The real story here is modern Marketing outreach rather Marketing co-option. There  is a very large body of literature on how the Internet and Social Media tools can help you sell your product ( Internet Marketing ). The idea here is that if you can identify the opinion leaders the high traffic sites and turn them, no more efficient marketing strategy could be imagined. Frankly with some inherent skepticism I think if the FTC gets the idea that what is going on here is more in the nature of Astroturfing and gorilla marketing by established corporate bodies, with lobbyists on retainer, and that web loggers are merely docile bodies in their hands, lacking agency. They may then decide then, that it all just the free market at play, and no great concern after all. Well, we'll always have caveat emptor.     

11:36:27 PM    comment [];trackback [];

Friday, October 16, 2009
Culture Clarifications

  After closing the last post and not intending to revisit it immediately. I find myself heading in that direction anyway. In a fairly parallel scenario to iTunes' and other similar sound bite samples of songs constituting a performance, a Federal Court has ruled that ring tone versions of songs do not represent a separate billable concert performance of a song for songwriter royalty purposes Judge: Cellphone Ringtones Are Not Concerts | Threat Level |  I'm sure some might say there is a certain marked spirit evinced in even asking additional payment for such ephemera. More of it is dullness and lack of imagination.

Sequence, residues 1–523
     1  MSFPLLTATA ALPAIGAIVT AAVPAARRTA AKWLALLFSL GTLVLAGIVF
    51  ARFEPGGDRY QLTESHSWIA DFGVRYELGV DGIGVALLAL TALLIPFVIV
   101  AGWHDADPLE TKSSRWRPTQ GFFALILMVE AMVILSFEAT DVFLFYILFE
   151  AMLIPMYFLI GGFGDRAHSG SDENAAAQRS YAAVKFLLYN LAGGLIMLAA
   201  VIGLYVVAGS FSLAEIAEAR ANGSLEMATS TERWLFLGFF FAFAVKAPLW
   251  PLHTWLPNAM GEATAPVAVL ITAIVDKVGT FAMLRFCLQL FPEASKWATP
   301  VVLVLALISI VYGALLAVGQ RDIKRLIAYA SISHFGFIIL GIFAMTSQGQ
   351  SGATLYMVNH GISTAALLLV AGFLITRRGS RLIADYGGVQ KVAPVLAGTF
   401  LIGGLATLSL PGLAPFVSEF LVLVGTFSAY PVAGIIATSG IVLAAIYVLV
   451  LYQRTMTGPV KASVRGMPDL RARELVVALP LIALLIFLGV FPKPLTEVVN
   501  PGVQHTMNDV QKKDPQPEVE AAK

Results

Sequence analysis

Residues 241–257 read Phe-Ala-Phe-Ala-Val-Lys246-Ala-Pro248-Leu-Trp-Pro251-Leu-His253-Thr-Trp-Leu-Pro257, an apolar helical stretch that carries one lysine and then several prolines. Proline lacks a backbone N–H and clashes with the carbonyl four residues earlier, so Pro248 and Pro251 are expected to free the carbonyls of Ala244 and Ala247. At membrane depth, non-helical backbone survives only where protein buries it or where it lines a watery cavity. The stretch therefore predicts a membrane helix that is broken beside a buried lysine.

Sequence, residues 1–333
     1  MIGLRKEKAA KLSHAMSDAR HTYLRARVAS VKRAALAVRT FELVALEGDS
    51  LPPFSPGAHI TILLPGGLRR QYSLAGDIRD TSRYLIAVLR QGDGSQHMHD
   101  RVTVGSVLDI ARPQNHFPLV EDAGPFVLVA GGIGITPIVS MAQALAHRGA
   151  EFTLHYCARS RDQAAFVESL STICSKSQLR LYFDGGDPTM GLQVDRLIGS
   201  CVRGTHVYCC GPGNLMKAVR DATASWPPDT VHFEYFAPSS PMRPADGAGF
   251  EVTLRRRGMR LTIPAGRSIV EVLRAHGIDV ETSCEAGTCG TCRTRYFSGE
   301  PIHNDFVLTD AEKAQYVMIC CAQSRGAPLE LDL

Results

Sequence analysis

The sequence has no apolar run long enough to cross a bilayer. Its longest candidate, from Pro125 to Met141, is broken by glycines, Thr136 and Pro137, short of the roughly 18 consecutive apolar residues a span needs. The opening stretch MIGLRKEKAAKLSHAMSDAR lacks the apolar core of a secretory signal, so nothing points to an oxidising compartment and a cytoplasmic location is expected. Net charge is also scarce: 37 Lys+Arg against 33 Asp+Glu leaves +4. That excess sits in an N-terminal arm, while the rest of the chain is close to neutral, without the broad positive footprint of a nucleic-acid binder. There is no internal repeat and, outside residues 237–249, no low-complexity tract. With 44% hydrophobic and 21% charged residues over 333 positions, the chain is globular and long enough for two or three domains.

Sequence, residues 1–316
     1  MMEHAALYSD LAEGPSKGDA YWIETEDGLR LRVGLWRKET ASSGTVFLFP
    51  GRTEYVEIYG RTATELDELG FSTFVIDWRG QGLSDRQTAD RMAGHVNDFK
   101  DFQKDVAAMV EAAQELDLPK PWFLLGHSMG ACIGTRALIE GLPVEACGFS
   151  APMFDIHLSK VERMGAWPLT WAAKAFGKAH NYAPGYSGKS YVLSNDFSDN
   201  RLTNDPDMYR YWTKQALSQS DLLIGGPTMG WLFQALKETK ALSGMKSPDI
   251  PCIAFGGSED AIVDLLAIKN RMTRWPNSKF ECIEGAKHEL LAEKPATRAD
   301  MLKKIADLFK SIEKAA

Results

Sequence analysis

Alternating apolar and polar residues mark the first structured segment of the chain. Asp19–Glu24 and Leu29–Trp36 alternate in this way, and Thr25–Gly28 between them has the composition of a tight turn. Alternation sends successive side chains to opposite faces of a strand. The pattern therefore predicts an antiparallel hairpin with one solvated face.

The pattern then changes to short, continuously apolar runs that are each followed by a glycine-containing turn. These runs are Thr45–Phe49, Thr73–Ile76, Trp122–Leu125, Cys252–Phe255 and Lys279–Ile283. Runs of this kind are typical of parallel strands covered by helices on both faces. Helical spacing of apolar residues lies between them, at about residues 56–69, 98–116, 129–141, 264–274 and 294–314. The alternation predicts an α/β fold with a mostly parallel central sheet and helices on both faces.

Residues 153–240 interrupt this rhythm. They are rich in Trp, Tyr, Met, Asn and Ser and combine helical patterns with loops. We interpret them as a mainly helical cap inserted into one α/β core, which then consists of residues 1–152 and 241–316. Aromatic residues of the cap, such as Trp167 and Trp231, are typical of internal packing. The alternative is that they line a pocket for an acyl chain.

These 30 second battles though are merely skirmishes in a larger and more centrally contested battle. One between the Record Labels, their traditional products and marketing, their shrinking profits and shrinking seat at the table and the new entities and technologies in the popular-music consumption game. Internet Music concerns pay both performer and song-writing royalties, whereas traditional radio pays only song-writing royalties. This can amount to a lot of money. A century of wrangling had worked out that a certain benefit or value was supposed to flow to the performer of recorded music by its being aired over the radio and being heard being known. In the new millennium all bets were off and The performance rights act is being snaked through congress to deal with it  Radio "pay to play" law ready for vote in House, Senate - Ars Technica. The NAB is not amused.

 Largely, it doesn't currently concern what I care about. The various tribes of indie music are not where the money is. Smaller internet radio and non-profit radio have different less onerous fee structures. This essentially seems to be a battle of big business with the emphasis on big. I can watch this one from the sidelines